Uniting your employees with CSR

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With Christmas closer than we think it is, Q4 marks the season of giving. With this in mind, I was wondering if all donations are positive? Some companies donate to organizations only for the publicity and “bragging rights”, whereas others genuinely align themselves with causes to make meaningful contributions. This is where the complications of Corporate Social Responsibility (CSR) comes into play.

Some companies have reflected on what social and environmental issues are important to them and pursue initiatives to give back to the wider community. This benefits organizations in multiple ways, particularly the potential for CSR to unite employees under a common goal. Read on to learn more about CSR and what your company and employees can gain from it.

What is Corporate Social Responsibility?

CSR is the notion of “an organization delivering a promise to consumers to make a change that will positively help the world and local communities.”

While the definition of CSR is clear, how it manifests can vary from company to company. CSR appears in many forms, including social activism, environmental protection, philanthropic pursuits, and volunteer activities.

What are the characteristics of a company with a strong CSR?

Businesses that practice CSR invest more in their employees and work harder to create a workplace that’s inclusive and enjoyable.

Some great examples of companies with strong responsibility mandates include Ben & Jerry’s, Toms, and Google.

Ben & Jerry’s has advocated for multiple causes throughout its existence, including creating a “Peace Pop” ice cream where 1% of proceeds went to 1% for Peace. This initiative seeks to redirect 1% of the national defense budget to fund peace-promoting activities.

TOMS has taken the approach of matching each shoe purchase with donating a pair of new shoes for a child in need. This CSR program strongly aligns with its mission of alleviating poverty and has rallied many consumers to join the cause by purchasing TOMS products.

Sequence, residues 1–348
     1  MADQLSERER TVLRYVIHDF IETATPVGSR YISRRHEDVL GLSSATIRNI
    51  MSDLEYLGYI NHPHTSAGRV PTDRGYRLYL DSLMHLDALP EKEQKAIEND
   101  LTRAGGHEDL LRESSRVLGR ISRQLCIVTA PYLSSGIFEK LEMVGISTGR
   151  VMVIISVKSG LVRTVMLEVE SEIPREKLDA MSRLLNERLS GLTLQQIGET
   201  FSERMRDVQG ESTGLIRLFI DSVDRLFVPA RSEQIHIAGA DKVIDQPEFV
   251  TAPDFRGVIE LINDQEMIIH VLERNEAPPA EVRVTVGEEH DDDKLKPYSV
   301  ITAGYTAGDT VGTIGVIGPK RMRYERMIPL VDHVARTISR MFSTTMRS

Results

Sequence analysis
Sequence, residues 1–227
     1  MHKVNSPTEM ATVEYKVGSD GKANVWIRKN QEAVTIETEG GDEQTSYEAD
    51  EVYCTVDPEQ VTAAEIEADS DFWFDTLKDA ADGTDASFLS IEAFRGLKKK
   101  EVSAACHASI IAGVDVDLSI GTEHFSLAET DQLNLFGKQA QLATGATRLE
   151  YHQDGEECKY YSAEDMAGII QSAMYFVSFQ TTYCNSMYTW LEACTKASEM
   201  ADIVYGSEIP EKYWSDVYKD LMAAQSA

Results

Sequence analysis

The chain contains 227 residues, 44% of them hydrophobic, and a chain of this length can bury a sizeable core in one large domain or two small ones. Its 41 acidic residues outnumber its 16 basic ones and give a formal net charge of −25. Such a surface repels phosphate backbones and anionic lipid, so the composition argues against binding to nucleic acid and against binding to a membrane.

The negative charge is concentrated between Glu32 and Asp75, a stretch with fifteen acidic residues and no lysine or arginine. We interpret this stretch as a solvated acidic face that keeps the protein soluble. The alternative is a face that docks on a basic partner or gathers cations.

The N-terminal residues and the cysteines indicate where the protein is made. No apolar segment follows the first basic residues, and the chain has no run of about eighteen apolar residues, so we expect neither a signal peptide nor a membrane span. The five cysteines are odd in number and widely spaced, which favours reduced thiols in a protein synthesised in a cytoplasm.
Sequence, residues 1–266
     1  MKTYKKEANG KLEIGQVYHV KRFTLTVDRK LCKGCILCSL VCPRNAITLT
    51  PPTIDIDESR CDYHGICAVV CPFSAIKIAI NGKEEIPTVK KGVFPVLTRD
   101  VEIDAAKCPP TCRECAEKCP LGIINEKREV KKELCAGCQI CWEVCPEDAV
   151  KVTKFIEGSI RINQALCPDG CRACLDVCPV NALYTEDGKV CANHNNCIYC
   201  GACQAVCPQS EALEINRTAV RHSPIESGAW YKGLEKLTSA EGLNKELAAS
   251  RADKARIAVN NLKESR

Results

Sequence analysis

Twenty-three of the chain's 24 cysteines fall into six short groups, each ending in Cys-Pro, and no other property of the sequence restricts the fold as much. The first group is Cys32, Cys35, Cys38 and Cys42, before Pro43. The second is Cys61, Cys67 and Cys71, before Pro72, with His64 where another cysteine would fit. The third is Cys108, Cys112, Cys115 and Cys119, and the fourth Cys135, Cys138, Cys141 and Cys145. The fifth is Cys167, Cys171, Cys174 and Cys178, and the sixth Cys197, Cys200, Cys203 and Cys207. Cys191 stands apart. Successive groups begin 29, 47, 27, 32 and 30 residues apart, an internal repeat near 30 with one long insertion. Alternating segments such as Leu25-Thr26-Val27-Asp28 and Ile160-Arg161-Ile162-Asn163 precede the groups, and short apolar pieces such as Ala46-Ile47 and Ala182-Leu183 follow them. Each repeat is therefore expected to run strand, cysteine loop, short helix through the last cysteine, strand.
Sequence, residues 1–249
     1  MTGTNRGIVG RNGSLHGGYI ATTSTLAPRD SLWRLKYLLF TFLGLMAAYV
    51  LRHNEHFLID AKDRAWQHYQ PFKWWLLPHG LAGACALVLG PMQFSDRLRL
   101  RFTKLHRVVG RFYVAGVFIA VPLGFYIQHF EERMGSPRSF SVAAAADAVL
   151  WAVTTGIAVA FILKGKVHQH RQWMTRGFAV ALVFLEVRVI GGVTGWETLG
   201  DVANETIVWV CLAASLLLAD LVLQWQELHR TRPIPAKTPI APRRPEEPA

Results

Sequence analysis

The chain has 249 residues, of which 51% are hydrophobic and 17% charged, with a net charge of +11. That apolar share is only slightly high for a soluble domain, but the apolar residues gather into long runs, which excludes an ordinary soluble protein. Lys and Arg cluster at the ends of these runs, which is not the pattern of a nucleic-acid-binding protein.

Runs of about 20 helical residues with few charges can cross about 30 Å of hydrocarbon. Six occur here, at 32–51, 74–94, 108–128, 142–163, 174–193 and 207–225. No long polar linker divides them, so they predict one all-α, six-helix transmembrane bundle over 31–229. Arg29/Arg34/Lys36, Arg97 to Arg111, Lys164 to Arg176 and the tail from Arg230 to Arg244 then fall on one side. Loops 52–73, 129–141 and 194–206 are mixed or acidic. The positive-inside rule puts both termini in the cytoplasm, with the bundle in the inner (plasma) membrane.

Lastly, Google has sought to improve the world through its sustainability commitments. Its latest goal is to be the first significant company to boast carbon-free operations by 2030.

What are the benefits of CSR for an organization?

Today, most job-seekers and employees take an interest in the genuine motives and corporate values of organizations. Consumers are no longer motivated to purchase from a company that’s only focused on maximizing profits.

Positive brand reputation 

Assuming an organization activates CSR initiatives for the right reasons—not just to exploit community and charitable work for financial gain—it’s a great avenue to rally community. Did you know that consumers will drive nearly 11 minutes out of their way to buy a cause-marketing product? Organizations with a healthy CSR attitude are considered leaders in their industry as their campaigns seek to improve society through more than just their product or service.

Customer loyalty

Ever wondered why there are so many die-hard Patagonia fans out there? Well, Patagonia has extremely strong messaging on saving the environment. They take a stance on issues and commit to them with concrete actions. Yes, their products come at a higher cost, but customers purchase them knowing that they’re on the side of a great cause. Having a mission that people can follow and believe in inspires individuals, making them feel part of something bigger than themselves. This in turn creates pride and belonging, where customers are willing to support and stand by a collective community effort.

Employee satisfaction and attraction

Having a clear mission that connects with your employees improves company culture and increases employee morale. On top of this, having a strong CSR program or budget can help you attract talent and retain new employees.

How does CSR unite your employees?

Bob Stiller, Founder of Green Mountain Coffee Roasters, explains the benefits reaped from a strong CSR program: “I’ve learned that people are motivated and more willing to go the extra mile to make the company successful when there’s a higher good associated with it.”

What does this mean? A vital CSR mission and goals can be the difference between your employees doing just their required tasks and putting in the extra effort to help your company grow. Your company’s next great idea may come from that commitment and push of values.

The greater sense of purpose that employees gain from joining a socially conscious employer leads to increased connection, employee engagement, and performance.

Another area CSR can unite your employees is employers leading by example from shared company values, motivating employees to commit to the same things.

There’s more to CSR than feeling good—there are actual business benefits

Employees in socially responsible companies generate better operating performance than their less accountable counterparts.

If this wasn’t enough, a recent large-scale Canadian study indicated that CSR improves your company’s bottom line! A large part of this is because you give your most engaged employees a reason to stay and grow with you. So no more hanging onto the idea that a CSR budget will only increase spending and hurt your bottom line.

Conclusion

Gone are the days where a company could be successful without considering the environmental, social, and political effects of their work. Companies need to consider all parties and initiatives involved and ensure they’re leaving the world in a better place than they found it. By having a strong CSR focus, your employees will rally together, and your organization will reap the benefits of this.

Source: This post was originally published at Jostle on .

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